2 Nephi 4:34; 2 Nephi 28:31 Nephi, when he said, "I will not put my trust in the arm of flesh" meant that he would rely on the Lord for his strength and not be influenced by worldly concerns.
Some ways that people "trust in the arm of flesh" include thinking that their worldly wealth can provide all they need, or thinking that their knowledge and educational achievements can provide all they need to know.
Trusting in man or worldly things is dangerous, so consider what you can do to increase your trust in the Lord.
The anger of Laman and Lemuel increased against Nephi, and the Lord commanded the followers of Nephi to separate from the followers of Laman.
2 Nephi 4:13; 2 Nephi 5:3 Laman and Lemuel were angry toward Nephi because of the admonitions of the Lord and because they thought they should be in charge because they were older than Nephi.
2 Nephi 5:2, 4 As a result of their increasing anger, Laman and Lemuel sought to take away Nephi's life.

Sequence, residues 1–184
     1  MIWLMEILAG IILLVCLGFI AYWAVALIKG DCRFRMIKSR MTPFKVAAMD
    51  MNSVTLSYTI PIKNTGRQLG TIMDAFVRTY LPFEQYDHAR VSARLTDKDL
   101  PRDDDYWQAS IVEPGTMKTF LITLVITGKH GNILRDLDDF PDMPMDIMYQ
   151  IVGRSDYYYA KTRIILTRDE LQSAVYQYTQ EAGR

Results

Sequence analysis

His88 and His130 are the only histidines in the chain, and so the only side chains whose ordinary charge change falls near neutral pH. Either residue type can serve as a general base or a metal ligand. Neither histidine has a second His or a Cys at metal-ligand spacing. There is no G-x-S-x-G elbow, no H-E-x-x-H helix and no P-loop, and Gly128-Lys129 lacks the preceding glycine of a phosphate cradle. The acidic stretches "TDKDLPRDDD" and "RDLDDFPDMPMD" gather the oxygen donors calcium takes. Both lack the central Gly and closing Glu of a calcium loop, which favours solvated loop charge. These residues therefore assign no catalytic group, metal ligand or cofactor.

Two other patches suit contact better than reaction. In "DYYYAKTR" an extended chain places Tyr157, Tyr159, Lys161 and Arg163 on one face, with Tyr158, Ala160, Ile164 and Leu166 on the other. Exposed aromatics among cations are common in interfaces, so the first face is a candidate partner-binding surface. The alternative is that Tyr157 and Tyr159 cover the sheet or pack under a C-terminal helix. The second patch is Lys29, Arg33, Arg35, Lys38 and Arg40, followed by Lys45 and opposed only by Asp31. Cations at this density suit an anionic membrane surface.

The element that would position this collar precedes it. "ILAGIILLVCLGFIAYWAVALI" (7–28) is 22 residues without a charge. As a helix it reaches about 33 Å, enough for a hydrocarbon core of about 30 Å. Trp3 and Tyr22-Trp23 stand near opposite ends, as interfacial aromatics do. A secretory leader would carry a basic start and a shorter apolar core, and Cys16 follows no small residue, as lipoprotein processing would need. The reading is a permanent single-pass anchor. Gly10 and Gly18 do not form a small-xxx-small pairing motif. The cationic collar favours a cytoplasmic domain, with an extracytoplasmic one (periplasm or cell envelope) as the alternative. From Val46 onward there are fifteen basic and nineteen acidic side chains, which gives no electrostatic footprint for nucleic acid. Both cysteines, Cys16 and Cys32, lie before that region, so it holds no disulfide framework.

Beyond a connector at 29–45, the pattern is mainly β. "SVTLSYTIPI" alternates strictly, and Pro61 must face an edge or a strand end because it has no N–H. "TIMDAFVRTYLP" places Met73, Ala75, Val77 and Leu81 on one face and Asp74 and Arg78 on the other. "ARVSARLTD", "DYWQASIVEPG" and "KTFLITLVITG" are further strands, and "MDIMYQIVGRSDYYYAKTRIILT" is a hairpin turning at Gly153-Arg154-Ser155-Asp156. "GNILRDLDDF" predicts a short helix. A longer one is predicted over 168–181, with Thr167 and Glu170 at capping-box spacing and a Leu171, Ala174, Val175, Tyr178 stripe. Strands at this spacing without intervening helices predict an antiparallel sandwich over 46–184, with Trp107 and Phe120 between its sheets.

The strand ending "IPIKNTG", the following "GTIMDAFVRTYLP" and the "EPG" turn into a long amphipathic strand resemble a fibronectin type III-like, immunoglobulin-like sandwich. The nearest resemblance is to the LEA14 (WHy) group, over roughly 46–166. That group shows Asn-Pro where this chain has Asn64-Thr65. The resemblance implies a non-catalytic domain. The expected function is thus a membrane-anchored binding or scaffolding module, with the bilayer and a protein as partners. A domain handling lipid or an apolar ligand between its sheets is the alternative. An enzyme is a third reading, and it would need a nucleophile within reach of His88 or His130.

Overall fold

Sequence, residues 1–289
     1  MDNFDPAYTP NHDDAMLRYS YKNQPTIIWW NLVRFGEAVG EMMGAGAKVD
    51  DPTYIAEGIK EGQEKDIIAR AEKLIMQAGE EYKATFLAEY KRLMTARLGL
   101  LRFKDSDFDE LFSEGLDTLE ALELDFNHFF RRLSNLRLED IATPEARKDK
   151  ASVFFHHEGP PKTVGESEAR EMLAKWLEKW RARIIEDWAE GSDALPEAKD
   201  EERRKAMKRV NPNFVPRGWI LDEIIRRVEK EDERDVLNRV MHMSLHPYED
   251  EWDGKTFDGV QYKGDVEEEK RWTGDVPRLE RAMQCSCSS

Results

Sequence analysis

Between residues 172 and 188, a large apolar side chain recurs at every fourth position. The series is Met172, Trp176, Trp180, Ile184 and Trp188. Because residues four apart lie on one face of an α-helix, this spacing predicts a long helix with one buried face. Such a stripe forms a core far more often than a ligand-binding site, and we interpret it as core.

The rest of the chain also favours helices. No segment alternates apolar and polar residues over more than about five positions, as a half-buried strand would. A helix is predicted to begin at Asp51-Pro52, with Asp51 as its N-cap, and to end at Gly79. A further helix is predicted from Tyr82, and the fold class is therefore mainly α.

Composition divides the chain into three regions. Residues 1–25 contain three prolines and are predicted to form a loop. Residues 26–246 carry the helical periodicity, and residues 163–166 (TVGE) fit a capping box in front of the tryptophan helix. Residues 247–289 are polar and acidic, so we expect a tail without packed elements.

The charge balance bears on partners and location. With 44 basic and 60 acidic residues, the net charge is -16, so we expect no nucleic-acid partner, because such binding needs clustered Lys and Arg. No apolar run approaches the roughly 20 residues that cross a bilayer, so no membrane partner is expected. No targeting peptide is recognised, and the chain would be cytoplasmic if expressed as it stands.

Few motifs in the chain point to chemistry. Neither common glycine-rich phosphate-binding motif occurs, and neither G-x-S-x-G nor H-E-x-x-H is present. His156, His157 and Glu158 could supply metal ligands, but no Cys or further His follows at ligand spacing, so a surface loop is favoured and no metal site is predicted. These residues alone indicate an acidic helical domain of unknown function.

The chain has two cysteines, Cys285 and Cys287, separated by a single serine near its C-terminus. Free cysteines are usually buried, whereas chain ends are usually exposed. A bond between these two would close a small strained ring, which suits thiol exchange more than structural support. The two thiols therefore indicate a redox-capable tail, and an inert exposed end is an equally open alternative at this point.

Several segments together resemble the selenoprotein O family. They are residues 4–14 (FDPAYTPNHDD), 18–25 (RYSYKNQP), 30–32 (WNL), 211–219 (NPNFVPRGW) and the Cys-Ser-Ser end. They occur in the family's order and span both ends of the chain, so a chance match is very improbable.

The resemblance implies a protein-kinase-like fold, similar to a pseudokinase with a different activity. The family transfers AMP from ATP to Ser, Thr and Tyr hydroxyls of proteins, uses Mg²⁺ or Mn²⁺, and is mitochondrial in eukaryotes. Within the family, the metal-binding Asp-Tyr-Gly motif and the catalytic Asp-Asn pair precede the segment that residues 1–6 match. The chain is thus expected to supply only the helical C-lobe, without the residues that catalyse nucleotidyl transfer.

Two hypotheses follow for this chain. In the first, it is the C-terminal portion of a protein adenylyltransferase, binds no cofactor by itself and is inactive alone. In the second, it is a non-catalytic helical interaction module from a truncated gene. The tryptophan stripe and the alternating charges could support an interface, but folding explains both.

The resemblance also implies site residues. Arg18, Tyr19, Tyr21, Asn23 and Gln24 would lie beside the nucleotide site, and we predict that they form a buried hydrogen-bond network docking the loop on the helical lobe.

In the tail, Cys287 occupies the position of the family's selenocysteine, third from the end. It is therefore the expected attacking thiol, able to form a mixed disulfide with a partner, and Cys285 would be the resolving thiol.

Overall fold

2 Nephi 4:27-29 Compare their anger with Nephi’s efforts to control his anger, as recorded in these verses.
Increasing anger can overcome the spirit and cause us to act in anything but a Christlike manner. Think about what you can do to be a peacemaker in the home, your community, and the Church.
President Howard W. Hunter taught: "We need a more peaceful world, growing out of more peaceful families and neighborhoods and communities. To secure and cultivate such peace, ‘we must love others, even our enemies as well as our friends.’... We need to extend the hand of friendship. We need to be kinder, more gentle, more forgiving, and slower to anger. We need to love one another with the pure love of Christ. May this be our course and our desire" (Ensign, May 1992, 63).
2 Nephi 5:1 Because of the anger of his brothers, Nephi prayed for help.
2 Nephi 5:5 The Lord answered his prayers by telling him to leave and separate himself and his followers from his wicked brethren.
2 Nephi 5:27 When Nephi and his people had departed, they "lived after the manner of happiness".
2 Nephi 5:10-17 Practices they engaged in that contributed to their happiness included keeping the commandments, preserving the records that were on the plates of brass, building a temple, and working together. The Nephites’ example should help us as we strive to live "after the manner of happiness".
These lessons are posted on the Internet at www.neumanninstitute.org